Being able to reframe a traumatic event can feel like an electroshock that gives you the energy to become a better version of yourself, with a much stronger purpose and resilience to go through life.



  • Limiting beliefs


A limiting belief is a thought – often subconscious – that dictates what we consider possible in life and that prevents us from achieving our full potential. It affects how we see ourselves and how we feel. It holds us back, limits our perspective, our actions and our opportunities. The most common limiting beliefs relate to the fear of not being enough: not smart, lean, lovable, deserving enough…, and to the fear of failure or rejection.


Many of our limiting beliefs are formed when we are kids, based on our experiences and on what our parents, family, teachers or other kids tell us to be true. For example, if our teacher keeps on telling us that we are bad at math, we will start believing it. Or if other kids say that we are fat or ugly, we will start seeing ourselves as fat or ugly. This belief will become ingrained in our subconscious, driving automatic thoughts, feelings and behaviours confirming that we are bad at math, fat or ugly. For instance, we will find it difficult to do our homework or to follow in math class, which will only makes things worse. Research has shown that kids who believe they are not good often achieve below their potential in school.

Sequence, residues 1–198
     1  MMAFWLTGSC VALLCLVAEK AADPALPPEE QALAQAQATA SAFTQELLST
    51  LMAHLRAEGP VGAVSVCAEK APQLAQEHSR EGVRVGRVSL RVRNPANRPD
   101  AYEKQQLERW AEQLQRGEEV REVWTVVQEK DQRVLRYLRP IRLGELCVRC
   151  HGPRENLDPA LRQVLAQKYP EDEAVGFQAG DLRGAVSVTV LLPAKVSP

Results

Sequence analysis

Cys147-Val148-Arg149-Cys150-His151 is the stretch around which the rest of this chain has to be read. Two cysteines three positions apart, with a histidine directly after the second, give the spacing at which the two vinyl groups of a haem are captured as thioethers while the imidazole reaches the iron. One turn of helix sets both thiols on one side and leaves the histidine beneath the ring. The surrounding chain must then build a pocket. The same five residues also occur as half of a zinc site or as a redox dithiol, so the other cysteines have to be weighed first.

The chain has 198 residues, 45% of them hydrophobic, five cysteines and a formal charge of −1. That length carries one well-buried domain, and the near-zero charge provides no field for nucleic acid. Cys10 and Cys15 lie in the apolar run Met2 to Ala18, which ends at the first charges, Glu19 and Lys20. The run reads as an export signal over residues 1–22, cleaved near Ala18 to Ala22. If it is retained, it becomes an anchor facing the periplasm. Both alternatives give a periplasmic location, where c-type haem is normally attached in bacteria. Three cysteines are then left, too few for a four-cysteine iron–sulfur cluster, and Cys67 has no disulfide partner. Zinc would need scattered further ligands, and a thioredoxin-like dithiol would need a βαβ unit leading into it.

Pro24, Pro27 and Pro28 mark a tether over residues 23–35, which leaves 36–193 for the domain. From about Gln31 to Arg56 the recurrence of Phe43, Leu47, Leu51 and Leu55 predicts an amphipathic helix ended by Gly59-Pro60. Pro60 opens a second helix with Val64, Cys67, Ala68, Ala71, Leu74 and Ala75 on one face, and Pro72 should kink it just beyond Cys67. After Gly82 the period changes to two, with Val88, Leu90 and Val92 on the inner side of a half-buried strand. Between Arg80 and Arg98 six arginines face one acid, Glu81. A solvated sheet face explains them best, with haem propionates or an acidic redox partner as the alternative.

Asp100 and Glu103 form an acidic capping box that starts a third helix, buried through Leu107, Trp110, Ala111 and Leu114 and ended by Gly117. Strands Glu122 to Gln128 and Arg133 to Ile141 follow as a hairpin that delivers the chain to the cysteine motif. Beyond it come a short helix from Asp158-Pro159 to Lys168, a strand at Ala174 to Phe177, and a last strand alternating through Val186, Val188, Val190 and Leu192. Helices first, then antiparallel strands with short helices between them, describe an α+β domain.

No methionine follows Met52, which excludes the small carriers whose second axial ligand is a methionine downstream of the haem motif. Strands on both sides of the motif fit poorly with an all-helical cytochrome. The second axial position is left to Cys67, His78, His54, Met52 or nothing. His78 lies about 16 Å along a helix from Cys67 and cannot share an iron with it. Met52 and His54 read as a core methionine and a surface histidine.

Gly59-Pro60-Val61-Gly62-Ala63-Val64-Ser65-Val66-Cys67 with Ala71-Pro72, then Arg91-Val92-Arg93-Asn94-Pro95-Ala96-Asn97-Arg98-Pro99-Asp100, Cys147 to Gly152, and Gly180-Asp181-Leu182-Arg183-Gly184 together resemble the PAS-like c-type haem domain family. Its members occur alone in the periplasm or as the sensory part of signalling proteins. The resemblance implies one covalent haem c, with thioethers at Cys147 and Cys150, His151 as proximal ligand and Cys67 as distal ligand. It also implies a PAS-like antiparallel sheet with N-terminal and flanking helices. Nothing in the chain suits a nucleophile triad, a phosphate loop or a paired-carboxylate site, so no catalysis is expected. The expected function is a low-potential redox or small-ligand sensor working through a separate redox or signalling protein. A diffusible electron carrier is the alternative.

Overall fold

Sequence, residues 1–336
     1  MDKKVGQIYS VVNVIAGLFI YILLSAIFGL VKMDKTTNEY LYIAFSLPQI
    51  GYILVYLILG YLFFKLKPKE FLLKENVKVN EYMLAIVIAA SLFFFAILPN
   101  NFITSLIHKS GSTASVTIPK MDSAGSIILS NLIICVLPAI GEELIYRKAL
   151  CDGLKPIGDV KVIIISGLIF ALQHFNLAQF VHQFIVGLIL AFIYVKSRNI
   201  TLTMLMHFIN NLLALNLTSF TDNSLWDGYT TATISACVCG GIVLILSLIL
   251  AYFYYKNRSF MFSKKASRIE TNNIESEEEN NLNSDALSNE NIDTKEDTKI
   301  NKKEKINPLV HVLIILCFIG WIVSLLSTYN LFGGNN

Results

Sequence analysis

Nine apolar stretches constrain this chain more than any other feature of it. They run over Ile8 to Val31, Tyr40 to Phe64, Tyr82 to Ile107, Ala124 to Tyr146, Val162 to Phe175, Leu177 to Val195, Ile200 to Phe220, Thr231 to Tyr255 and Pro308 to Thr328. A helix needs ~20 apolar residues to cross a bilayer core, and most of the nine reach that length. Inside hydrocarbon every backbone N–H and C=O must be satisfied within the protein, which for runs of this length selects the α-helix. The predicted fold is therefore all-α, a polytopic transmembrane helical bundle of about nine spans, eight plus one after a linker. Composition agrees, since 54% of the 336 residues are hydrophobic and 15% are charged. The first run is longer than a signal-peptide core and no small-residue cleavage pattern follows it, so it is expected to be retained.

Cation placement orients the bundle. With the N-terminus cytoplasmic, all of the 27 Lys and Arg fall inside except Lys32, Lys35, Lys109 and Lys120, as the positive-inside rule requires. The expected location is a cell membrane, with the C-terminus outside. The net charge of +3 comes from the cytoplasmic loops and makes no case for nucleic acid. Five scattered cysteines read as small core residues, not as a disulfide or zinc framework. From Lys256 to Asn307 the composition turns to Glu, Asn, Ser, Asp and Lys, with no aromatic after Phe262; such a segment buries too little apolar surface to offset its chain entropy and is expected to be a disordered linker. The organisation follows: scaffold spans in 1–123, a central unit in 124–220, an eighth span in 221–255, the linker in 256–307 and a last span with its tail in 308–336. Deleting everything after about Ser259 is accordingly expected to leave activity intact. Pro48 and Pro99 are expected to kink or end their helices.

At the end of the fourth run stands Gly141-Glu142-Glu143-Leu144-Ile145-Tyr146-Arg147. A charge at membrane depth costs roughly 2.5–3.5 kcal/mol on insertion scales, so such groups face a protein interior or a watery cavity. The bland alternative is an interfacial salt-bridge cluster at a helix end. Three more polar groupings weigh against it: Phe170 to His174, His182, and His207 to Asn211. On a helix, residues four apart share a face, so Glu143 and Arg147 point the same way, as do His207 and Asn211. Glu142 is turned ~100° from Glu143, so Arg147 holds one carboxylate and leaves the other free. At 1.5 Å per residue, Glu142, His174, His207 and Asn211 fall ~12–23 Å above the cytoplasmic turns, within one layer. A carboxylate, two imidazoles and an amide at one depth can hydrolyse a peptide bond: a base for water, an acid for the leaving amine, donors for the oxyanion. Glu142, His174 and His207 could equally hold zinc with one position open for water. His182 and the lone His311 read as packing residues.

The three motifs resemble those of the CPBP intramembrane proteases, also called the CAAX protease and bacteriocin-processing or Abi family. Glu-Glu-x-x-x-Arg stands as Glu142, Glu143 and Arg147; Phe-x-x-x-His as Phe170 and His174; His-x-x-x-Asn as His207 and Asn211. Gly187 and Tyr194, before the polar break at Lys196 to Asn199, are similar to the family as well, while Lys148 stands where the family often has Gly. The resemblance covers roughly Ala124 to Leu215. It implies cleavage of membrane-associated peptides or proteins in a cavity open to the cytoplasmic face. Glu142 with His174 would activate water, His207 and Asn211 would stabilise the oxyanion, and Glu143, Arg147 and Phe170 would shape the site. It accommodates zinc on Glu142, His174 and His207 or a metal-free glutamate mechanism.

As adults, these beliefs continue to dictate important life choices. For instance, if you think you are not qualified enough for a job, you may not even apply. You may think it is not worth trying, as you will be rejected anyway. It will only lead to more disappointment. To undo this limiting belief, think about your skills and strengths, what value you could bring to the company. You don’t know what they are looking for. If you don’t apply, there is a 100% chance you will not get the job. But if you do apply, there is a chance that you could get it. Or you could make new contacts in the process, identify other opportunities or get valuable feedback.